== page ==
Voters give Measure A an “F”
Measure A, 1/4-cent sales tax that county officials maintained would go to fix a crumbling 1,383-mile county road system, got a big thumbs down from county voters on election day, June 2.
In the end, the measure crashed and burned due in part to a perfect storm of voter distrust over whether the tax would be spent as promised, continuing general anti-tax sentiment in the county, confusion and suspicion of the wording of the measure itself, and a low voter turnout in an off-year election that favored those motivated to vote no.
The final tally wasn’t pretty. The “No” votes were 62.7 percent, and “Yes” 37 percent. Voter turnout was 31.2 percent of registered voters.
Measure A lost decisively despite close to $180,000 spent by the Vote Yes on Measure A committee. Endorsements for the measure came from a variety of organizations across the political spectrum, ranging from Sonoma County Conservation Action and North Bay Labor Council on one end, to the Santa Rosa Chamber of Commerce and Sonoma County Alliance on the other.
There was no organized opposition to Measure A, though taxpayer groups in the county came out strongly against the initiative, arguing in part that because it was a general tax, as opposed to one specifically for roads, the measure was based on “empty promises.”
Measure A would have raised an estimated $20 million a year over a fixed five-year term, funds which would have gone directly into the county’s General Fund, and later divvied up between the county and the nine incorporated cities. The measure would have mandated annual audits.
For a number of years, the county’s board of supervisors has been working to address the poor condition of county roads, caused by years of previous budgetary neglect, declining State and Federal gas-tax revenues, and other reductions of state and federal funding.
A long-term road plan developed by the county last year for maintenance and road improvements estimated that it would take up to $1 billion to bring the entire county road network up to snuff.
First District Supervisor Susan Gorin said there are $22.4 million of county funds earmarked for road improvements over the next two years. But that’s a far cry from the long-range plan’s estimation that $48 million is needed annually from all funding sources.
During the run-up to the election, letters to the editor flooded county newspapers, and seemed to indicate that voters weren’t opposed to spending money on roads, or perhaps even a road specific tax, which would have required a two-thirds majority for passage. But voters didn’t like how Measure A, which required just a simple majority, was developed, and were wary of the specific language in the measure that opponents said gave no assurances as to how the money was going to be spent.
Polling conducted last Fall for a potential roads initiative indicated that a specific tax requiring a two-thirds vote had little chance of succeeding. So county officials developed general tax language, but kept moving the election date, from November of last year, to March, and then to June. The final language of the measure stated that the 1/4-cent sales tax would go, “for general governmental purposes, such as public safety, local roads and pothole repair, senior student and veterans transit, and other essential services…” Despite a full-court press by county supervisors at many public meetings throughout the county pledging that Measure A’s monies would go to roads, the measure’s wording was vague enough to turn voters off.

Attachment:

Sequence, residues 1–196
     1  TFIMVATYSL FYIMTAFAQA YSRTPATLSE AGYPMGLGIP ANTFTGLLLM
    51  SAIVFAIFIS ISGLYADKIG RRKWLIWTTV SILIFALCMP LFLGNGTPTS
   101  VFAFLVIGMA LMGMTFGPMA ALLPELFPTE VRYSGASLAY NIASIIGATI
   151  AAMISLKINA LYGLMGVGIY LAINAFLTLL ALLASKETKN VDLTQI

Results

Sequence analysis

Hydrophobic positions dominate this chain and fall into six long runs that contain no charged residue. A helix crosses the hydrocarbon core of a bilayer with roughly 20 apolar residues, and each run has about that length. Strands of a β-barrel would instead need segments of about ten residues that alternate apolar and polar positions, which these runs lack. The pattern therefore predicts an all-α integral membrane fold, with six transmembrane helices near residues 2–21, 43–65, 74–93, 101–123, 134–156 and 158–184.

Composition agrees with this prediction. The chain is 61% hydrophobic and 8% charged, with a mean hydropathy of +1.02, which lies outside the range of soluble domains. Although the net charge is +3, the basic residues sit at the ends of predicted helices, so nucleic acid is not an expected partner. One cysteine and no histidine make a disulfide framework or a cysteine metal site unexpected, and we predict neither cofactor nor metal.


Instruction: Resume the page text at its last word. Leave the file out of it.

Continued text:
Gorin, who attended 10 forums on the measure in her district, said that county officials’ arguments, “were obviously not compelling.”
Gorin said she recognized people’s concerns about a general tax initiative, but hoped that the fact there would be annual audits to hold the supervisors accountable would help allay fears.
Moving on from the defeat, Gorin said that roads would, “be our number one priority for the foreseeable future,” but that it will just take longer to tackle the daunting amount of road work that needs to be done. She said the board will continue to explore other sources of revenue to put towards roads.
As for going out for another tax measure, Gorin said it’s unlikely the current board will lead any charge to put something back on the ballot.
“It can’t be only from the top-down,” said Gorin. “It has to be a full community effort to move forward. It has to come from the community.”
Craig Harrison, co-founder of roads advocacy group SOSroads and a strong supporter of Measure A, said that while he appreciates the county’s recent efforts the last few years to address road issues, he’s concerned about the Board of Supervisors “losing focus” in the wake of Measure A’s defeat.
“In the end over time, keeping roads fixed is just not as sexy as some new program,” said Harrison.
Supervisors soon start budget hearings, where potential increases in road funding will be competing with possible new spending on areas such as free preschool, affordable housing programs, homeless services, and fire protection. In addition, supervisors will continue to tackle the huge issue of pension obligations.
Harrison said that SOSroads will continue to push for roads to be a budget priority.
“There are some good things happening, but there are so many miles of roads to deal with,” said Harrison.
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